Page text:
The First Amendment is a highly important legislative element of the United States Constitution, which protects two major institutions and rights. It explicitly protects people’s freedom of speech and the press as the main channels of distribution of information. Although it was intended to do so, the history of the First Amendment showcases how the government was able to violate it, justifying these actions for a multitude of reasons, which might have seemed valid at that time. However, the Supreme Court’s stance gradually changed on the problem, which is why it is in its ideal state today.
One of the key turning points for the First Amendment came during the case in regards to the Pentagon Papers. The latter is a 7000-page top-secret classified report on the Department of Defense’s actions and decisions during the Vietnam War, which revealed that there was a great deal of incompetence from the Pentagon’s side (Freedom of the Press: New York Times v. United States). The secrecy of information was not solely based on the sensitivity and security of the report but rather on a fear of public outrage aimed at the Department’s poor choices. A former employee at the Pentagon leaked the report and tried to convince the Supreme Court to declassify information but was denied in the process, which is why he gave the report to the New York Times, where the latter released it to the public (Freedom of the Press: New York Times v. United States). This is an illustration of how citizens and the press collaborate on ensuring that the government is kept in check for its actions and decision.
The Nixon Administration and the Department of Defense sought to restrain the New York Times, and later, the Washington Post from releasing the report to the public, justifying it by potential security risks associated with the release. The Supreme Court ruled out for such restraint to be unconstitutional since the majority agreed to disable the release only in the face of grave danger for the nation, which the report did not contain (Freedom of the Press: New York Times v. United States). In other words, the First Amendment was always in action, except if an entire country is endangered by the public release of information, which was not the case for the Pentagon Papers. The dissenting opinion argued that even potential risks are enough to block the First Amendment for such situations.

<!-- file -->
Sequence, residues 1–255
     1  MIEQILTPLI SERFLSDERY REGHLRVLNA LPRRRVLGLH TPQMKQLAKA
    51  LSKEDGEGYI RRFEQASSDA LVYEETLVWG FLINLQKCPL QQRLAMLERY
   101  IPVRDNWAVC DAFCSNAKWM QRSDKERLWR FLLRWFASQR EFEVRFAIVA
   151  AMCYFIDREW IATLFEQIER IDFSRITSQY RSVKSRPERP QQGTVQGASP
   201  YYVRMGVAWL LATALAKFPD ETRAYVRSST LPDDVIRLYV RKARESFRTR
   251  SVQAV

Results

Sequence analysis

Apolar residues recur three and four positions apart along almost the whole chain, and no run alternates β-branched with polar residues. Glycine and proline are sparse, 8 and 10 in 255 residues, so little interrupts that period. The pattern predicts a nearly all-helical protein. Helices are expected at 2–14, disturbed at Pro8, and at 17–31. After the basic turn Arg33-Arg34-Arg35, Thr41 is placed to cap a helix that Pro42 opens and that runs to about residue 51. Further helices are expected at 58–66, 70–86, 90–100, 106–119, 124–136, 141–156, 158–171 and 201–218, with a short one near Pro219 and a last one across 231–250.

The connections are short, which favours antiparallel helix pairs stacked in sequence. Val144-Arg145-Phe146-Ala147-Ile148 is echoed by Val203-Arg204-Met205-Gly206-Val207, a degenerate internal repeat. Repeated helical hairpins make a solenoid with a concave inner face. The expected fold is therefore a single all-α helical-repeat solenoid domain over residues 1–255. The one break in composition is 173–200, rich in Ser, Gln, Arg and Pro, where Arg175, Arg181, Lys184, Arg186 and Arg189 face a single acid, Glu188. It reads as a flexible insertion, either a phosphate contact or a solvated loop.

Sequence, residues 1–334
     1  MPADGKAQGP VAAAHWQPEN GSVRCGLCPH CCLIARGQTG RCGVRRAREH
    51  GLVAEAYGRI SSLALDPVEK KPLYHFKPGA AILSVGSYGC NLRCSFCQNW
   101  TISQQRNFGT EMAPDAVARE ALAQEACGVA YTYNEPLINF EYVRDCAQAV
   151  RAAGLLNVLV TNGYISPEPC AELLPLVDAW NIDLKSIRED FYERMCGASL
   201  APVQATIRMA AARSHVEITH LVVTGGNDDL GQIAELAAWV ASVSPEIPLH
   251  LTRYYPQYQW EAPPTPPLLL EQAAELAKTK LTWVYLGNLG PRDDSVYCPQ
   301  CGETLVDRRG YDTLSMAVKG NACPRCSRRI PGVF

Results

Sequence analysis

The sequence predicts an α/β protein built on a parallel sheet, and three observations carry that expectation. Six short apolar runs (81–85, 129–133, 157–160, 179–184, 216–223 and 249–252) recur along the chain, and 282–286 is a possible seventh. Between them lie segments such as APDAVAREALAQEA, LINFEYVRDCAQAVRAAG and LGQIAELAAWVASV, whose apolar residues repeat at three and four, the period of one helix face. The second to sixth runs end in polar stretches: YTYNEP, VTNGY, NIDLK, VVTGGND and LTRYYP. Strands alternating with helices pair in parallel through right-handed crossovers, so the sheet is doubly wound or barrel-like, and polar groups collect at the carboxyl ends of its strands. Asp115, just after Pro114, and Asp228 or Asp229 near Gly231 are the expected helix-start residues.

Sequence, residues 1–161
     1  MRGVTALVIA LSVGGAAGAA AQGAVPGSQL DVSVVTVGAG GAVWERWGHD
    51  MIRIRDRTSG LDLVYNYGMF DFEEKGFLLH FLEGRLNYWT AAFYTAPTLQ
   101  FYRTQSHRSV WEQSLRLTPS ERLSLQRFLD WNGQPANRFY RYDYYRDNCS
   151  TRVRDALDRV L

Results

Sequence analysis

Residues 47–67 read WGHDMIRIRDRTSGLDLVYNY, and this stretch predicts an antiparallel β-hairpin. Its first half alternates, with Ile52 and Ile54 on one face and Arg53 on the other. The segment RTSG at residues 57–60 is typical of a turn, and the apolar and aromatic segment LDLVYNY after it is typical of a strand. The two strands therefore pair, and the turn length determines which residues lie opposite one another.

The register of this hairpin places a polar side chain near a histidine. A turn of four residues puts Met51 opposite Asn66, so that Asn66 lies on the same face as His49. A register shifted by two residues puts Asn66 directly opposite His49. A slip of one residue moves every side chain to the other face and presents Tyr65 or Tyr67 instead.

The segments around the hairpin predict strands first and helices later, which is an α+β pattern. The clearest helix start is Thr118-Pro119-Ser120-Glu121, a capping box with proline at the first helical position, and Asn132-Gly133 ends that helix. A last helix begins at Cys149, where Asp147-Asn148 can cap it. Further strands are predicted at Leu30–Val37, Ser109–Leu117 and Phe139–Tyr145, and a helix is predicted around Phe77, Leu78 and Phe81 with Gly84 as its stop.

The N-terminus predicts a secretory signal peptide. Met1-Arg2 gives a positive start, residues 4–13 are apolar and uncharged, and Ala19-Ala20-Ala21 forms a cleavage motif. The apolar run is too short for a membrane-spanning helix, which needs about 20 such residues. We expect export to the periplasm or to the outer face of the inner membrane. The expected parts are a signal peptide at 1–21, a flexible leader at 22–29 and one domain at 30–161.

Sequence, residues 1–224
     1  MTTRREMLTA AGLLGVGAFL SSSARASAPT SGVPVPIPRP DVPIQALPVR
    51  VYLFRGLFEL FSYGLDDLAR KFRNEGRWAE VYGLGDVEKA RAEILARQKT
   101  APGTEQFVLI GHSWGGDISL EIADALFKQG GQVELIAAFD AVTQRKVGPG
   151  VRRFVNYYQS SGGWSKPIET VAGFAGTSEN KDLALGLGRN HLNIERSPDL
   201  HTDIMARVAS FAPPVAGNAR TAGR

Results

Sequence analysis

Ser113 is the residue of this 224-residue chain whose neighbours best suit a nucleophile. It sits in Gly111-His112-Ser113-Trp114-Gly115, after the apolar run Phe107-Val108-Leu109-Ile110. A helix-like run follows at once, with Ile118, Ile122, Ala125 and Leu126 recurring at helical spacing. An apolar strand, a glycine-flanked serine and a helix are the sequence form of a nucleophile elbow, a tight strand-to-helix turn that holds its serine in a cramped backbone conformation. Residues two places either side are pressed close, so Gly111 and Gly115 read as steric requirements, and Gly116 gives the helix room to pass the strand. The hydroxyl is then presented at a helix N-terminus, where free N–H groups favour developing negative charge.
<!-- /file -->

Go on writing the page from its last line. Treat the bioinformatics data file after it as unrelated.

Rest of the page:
I think the release of the report did not put the nation at risk since the report contained critical information on poor decision making of the Department rather sensitive information, which posed a grave danger to the US. The government should be allowed to have secrecy only if it can prove that releasing the information poses a national risk, which means it is the government’s responsibility to provide strong claims for having something classified. Democracy cannot function effectively without the critical role of the press because freedom of speech alone cannot be as impactful as it is with the press’s information distribution capabilities and competencies.
In conclusion, the First Amendment was initially established due to its impact during the Revolution, but later, a number of attempts were made to subdue the law in accordance with the need of the government’s demands. However, the Supreme Court’s intervention during the Pentagon Papers’ release by the press restored the critical purpose of freedom of speech alongside the press. The public needs to be well-informed in order for a democracy to work properly, which is why the First Amendment must be protected at all costs.
“Freedom of the Press: New York Times v. United States.” Annenberg Public Policy Center, uploaded by Annenberg Public Policy Center.